ALLEGATIONS of illegal activity by AWB in its contracts with Iraqi wheat buyers, years before the sanction-busting scandal become public, did not cause concern with Australian officials because the company was seen as "incorruptible", a court has heard.
The Victorian Supreme Court also heard that the Department of Foreign Affairs and Trade had a "quiet" word with AWB after discovering the wheat trader had promised to fund a laboratory for one of its Iraqi clients.
DFAT former head of the Middle East Bob Bowker said he received a memo in 2000 detailing serious allegations about AWB's trading in Iraq under the oil for food program in the 1990s but did not refer the allegations to the United Nations or the responsible Australian minister.
This was years before allegations of AWB's bribes to Saddam Hussein's regime came to light in late 2005.
"This was a case where a competitor of AWB was relaying a supposed conversation with Iraqi authorities about the way in which business was being done with AWB and with another company and the allegations themselves were simply an assertion without any evidence in their support."
Professor Bowker said AWB's "enviable reputation in the Middle East" meant the company was seen as not only having the best wheat but also that the company was "incorruptible".
Former AWB chairman Trevor Flugge and former AWB wheat trader Peter Geary have been accused by the Australian Securities and Investment Commission of causing damage to AWB's shareholders by allegedly engaging in secret payments between 1999 and 2003 in breach of international sanctions against Iraq.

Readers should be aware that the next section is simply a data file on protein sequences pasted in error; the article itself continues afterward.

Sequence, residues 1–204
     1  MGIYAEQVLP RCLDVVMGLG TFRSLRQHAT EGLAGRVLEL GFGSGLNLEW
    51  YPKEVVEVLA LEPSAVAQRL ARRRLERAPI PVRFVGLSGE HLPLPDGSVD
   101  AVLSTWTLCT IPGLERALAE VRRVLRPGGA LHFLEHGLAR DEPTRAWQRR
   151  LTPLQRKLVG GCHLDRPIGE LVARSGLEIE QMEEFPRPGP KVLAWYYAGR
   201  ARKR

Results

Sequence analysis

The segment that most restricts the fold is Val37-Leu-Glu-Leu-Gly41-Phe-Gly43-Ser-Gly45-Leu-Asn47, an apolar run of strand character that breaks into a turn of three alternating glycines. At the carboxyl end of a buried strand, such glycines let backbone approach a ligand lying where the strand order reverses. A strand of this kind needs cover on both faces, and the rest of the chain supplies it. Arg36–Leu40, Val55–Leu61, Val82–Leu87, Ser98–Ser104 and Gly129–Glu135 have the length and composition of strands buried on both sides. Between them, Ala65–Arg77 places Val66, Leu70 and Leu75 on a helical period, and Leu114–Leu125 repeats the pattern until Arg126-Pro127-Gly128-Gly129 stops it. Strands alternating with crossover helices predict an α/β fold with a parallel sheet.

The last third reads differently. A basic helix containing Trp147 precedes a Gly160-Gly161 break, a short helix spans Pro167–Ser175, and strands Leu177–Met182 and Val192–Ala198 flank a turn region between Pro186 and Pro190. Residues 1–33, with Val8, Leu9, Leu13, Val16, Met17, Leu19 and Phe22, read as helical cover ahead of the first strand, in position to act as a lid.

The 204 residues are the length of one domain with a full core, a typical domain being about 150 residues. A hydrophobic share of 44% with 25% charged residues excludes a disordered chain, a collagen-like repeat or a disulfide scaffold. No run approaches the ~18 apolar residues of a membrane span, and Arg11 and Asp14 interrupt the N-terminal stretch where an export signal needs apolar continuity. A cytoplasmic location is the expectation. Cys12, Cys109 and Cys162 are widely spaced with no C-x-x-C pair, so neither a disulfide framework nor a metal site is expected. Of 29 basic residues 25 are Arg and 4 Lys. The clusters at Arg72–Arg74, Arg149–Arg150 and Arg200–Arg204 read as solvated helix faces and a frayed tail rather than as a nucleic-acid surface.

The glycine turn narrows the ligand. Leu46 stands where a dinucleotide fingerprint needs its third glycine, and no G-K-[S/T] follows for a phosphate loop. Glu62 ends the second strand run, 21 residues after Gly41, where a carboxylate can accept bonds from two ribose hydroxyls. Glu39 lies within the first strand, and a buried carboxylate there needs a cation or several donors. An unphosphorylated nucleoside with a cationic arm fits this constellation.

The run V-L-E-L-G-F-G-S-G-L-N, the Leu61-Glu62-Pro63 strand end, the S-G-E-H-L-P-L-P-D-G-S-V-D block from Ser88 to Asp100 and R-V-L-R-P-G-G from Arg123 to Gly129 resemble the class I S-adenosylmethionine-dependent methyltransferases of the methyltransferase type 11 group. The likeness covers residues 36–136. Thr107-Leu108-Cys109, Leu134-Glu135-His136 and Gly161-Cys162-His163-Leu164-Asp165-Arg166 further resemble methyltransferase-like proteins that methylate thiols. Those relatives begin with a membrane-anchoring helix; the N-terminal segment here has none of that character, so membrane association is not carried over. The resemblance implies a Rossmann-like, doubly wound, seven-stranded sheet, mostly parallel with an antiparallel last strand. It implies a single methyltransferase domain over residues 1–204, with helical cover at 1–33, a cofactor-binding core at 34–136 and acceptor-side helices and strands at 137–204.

The case being heard at the Supreme Court of Victoria by Judge Ross Robson centres on kickbacks allegedly paid by AWB to Saddam Hussein's Iraqi regime wheat buyers during their participation in the United Nations' oil for food program.
Earlier on Monday, former AWB director Warwick McClelland told the court the AWB board saw no problem when it learned millions of dollars were being paid into Iraq for "trucking fees" as this sounded "sensible". He also told the court Mr Flugge had a reputation as a person "of integrity".
The court also heard that Professor Bowker and his team decided to have a "quiet" word with AWB's representatives when they discovered the wheat exporter had promised to fund a laboratory for wheat testingin Iraq which fell outside of the oil-for-food program.
"We took the view that this was an honest mistake on the part of AWB trying to be helpful to its Iraqi customer."